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Home / Courts / Criminal Practice – Armed Robbery – Suspect Identification – Ski Mask – Voice Recognition – Attorneys – Ineffective Assistance Claim – Interrogation Video

Criminal Practice – Armed Robbery – Suspect Identification – Ski Mask – Voice Recognition – Attorneys – Ineffective Assistance Claim – Interrogation Video

State v. Boyd (Lawyers Weekly No. 11-07-0120, 17 pp.) (Donna S. Stroud, J.) Appealed from Mecklenburg County Superior Court. (Eric L. Levinson, J.) N.C. App. Click here to read the full text of the opinion.

Holding: Even though the victim’s assailant was wearing a ski mask, the victim had known defendant for 12 to 15 years and recognized his voice and could see that his assailant had a lazy eye, as does defendant. The state presented sufficient evidence that defendant was the assailant.

No error in defendant’s conviction of robbery with a dangerous weapon and conspiracy to commit robbery with a dangerous weapon.

Motion to Dismiss

The state presented evidence that the victim had money stolen at gunpoint and that, during the interaction, his assailant threatened to shoot him, satisfying the essential elements of the crime of armed robbery. However, defendant contends the state failed to submit substantial evidence as to defendant’s identity as the perpetrator of the offense.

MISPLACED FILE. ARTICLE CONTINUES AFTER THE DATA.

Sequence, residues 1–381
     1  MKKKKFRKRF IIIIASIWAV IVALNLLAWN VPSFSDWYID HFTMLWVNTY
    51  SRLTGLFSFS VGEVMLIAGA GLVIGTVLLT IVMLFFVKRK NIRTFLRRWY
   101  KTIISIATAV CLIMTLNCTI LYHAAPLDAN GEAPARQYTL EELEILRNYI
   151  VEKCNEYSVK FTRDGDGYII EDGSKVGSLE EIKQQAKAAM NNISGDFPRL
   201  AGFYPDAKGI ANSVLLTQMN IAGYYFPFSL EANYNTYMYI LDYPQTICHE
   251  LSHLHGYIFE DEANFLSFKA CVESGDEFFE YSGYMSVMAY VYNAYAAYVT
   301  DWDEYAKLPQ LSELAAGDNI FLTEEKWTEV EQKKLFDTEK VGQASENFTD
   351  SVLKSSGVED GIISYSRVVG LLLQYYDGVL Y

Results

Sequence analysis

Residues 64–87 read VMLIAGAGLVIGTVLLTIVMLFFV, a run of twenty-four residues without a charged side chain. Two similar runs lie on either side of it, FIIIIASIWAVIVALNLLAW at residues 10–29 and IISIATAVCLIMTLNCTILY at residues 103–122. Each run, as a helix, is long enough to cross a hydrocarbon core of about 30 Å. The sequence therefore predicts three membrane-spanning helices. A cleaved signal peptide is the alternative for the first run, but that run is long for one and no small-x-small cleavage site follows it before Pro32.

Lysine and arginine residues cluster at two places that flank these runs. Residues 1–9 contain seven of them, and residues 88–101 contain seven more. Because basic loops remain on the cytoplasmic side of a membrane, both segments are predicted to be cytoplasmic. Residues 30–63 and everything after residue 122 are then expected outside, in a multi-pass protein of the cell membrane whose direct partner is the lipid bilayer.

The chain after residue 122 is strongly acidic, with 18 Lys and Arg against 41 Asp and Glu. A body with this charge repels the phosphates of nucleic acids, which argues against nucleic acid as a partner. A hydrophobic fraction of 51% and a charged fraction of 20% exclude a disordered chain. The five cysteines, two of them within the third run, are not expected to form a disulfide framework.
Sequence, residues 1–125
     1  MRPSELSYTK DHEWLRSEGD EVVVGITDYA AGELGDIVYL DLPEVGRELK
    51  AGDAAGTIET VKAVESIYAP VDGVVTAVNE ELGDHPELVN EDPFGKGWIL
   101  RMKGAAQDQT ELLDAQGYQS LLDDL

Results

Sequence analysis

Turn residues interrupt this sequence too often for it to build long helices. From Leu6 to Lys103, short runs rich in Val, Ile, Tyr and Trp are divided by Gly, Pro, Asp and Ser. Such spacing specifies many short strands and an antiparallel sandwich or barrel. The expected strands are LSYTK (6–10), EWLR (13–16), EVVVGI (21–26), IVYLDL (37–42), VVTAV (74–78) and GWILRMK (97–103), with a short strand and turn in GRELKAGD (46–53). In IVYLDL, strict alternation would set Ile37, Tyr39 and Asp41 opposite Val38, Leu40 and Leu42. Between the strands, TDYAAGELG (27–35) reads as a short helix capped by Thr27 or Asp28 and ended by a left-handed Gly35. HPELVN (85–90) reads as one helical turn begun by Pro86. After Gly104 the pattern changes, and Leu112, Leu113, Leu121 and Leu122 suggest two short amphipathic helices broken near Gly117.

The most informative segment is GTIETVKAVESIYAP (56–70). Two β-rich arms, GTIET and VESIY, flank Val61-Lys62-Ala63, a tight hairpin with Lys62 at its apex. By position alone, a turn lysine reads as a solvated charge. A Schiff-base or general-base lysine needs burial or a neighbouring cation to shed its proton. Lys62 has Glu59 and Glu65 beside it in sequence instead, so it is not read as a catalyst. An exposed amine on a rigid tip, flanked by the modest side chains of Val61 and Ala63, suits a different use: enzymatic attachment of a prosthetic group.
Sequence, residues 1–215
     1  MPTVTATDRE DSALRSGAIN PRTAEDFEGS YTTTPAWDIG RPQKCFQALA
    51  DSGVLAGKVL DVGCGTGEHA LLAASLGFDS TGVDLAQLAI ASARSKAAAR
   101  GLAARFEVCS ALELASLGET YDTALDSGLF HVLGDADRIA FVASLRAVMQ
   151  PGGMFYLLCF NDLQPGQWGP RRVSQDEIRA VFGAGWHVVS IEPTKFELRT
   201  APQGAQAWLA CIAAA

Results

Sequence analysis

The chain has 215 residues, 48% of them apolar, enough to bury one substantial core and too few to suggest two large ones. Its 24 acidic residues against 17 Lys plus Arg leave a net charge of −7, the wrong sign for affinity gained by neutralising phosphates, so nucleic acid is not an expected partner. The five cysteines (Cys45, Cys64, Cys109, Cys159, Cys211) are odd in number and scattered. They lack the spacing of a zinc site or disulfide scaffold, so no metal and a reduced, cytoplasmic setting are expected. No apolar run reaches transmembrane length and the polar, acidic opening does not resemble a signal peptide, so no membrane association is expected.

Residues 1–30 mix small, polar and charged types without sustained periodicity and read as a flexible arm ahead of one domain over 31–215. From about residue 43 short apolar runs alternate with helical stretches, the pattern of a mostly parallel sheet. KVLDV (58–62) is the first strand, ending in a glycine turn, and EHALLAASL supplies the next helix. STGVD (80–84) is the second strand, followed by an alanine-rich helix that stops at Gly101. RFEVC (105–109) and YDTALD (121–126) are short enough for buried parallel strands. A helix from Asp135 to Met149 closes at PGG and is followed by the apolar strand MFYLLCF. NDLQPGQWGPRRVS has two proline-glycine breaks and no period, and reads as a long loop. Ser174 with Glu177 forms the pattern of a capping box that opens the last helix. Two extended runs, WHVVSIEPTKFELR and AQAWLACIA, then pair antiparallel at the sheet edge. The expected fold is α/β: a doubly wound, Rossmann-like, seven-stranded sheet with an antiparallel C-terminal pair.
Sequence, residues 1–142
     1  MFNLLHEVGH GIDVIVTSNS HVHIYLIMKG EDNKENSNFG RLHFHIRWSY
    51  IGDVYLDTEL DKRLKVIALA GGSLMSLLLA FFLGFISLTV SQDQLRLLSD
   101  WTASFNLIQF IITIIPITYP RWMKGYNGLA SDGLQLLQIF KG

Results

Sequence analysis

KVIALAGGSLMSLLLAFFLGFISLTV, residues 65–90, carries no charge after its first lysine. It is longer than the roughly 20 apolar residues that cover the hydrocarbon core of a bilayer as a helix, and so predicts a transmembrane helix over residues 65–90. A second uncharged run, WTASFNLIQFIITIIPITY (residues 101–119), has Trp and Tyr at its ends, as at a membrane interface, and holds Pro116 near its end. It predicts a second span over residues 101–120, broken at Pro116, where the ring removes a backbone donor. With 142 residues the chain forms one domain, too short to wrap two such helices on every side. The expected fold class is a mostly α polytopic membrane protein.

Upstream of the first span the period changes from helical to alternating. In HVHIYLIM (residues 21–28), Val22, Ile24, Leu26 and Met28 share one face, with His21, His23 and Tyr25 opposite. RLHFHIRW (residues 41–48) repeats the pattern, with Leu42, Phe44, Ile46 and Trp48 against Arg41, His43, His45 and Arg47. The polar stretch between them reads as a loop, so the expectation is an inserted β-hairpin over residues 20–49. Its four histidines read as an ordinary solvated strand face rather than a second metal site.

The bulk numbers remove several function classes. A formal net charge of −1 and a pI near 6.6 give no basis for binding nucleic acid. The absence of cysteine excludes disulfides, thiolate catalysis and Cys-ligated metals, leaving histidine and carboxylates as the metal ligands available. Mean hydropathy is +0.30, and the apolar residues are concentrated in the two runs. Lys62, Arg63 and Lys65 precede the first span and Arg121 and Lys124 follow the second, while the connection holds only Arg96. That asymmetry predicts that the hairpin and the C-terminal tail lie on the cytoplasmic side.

The victim identified the voice of his assailant as that of defendant. The victim was familiar with defendant’s voice because he had known defendant for 12 to 15 years. The victim told his father immediately following the attack that he recognized the voice of defendant as that of his assailant.

The victim identified his assailant as being a black male with a lazy eye like that of defendant. In all of the victim’s statements to police and interactions with his family, he exhibited a consistently high level of certainty regarding his identification of defendant as his assailant.

Given the longstanding relationship between the victim and defendant as well as the steadfastness and consistency of the victim’s identification of defendant, a reasonable mind might accept as adequate, the victim’s identification of defendant as his assailant. Because the state satisfied the legal standard for the presentation of substantial evidence that defendant was the perpetrator of the crime, defendant’s motion to dismiss as to the charge of robbery with a dangerous weapon was properly denied.

The state also presented sufficient evidence of a conspiracy to commit armed robbery. The state’s evidence tended to show that defendant was driven by a second man to intercept the victim. Defendant was wearing a ski mask and in possession of a gun. The second individual assaulted the victim and took the money from the victim when defendant hesitated in the commission of the robbery. The two men then got into the same car and drove away. The victim’s testimony regarding defendant and the driver of the car acting together to rob him in this way is evidence tending to establish a mutual, implied understanding between defendant and the driver to rob the victim and did, therefore, properly suffice to withstand defendant’s motion to dismiss.

Interrogation Video

On the witness stand, defendant referred to his interrogation by police. In rebuttal, the state introduced the video of defendant’s interrogation.